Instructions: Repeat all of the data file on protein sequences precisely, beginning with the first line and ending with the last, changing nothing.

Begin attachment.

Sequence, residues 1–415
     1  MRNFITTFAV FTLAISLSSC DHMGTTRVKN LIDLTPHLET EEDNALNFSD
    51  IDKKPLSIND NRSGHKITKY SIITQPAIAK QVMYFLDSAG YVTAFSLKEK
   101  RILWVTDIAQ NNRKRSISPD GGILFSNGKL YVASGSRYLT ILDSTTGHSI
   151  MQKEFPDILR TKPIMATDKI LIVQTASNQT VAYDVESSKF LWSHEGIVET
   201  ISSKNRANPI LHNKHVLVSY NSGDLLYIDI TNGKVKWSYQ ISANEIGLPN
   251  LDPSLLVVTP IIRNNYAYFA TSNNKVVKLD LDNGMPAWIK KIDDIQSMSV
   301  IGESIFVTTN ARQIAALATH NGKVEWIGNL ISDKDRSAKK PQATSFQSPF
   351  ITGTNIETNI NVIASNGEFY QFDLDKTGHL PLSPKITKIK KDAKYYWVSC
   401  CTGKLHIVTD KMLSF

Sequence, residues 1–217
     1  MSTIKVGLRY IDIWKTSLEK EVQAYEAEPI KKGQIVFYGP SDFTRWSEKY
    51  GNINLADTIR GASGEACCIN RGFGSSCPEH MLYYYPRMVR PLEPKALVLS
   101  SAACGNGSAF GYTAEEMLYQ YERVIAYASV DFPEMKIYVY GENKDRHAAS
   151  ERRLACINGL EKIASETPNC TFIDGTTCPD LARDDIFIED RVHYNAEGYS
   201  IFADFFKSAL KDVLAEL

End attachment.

Sequence, residues 1–415
     1  MRNFITTFAV FTLAISLSSC DHMGTTRVKN LIDLTPHLET EEDNALNFSD
    51  IDKKPLSIND NRSGHKITKY SIITQPAIAK QVMYFLDSAG YVTAFSLKEK
   101  RILWVTDIAQ NNRKRSISPD GGILFSNGKL YVASGSRYLT ILDSTTGHSI
   151  MQKEFPDILR TKPIMATDKI LIVQTASNQT VAYDVESSKF LWSHEGIVET
   201  ISSKNRANPI LHNKHVLVSY NSGDLLYIDI TNGKVKWSYQ ISANEIGLPN
   251  LDPSLLVVTP IIRNNYAYFA TSNNKVVKLD LDNGMPAWIK KIDDIQSMSV
   301  IGESIFVTTN ARQIAALATH NGKVEWIGNL ISDKDRSAKK PQATSFQSPF
   351  ITGTNIETNI NVIASNGEFY QFDLDKTGHL PLSPKITKIK KDAKYYWVSC
   401  CTGKLHIVTD KMLSF

Sequence, residues 1–217
     1  MSTIKVGLRY IDIWKTSLEK EVQAYEAEPI KKGQIVFYGP SDFTRWSEKY
    51  GNINLADTIR GASGEACCIN RGFGSSCPEH MLYYYPRMVR PLEPKALVLS
   101  SAACGNGSAF GYTAEEMLYQ YERVIAYASV DFPEMKIYVY GENKDRHAAS
   151  ERRLACINGL EKIASETPNC TFIDGTTCPD LARDDIFIED RVHYNAEGYS
   201  IFADFFKSAL KDVLAEL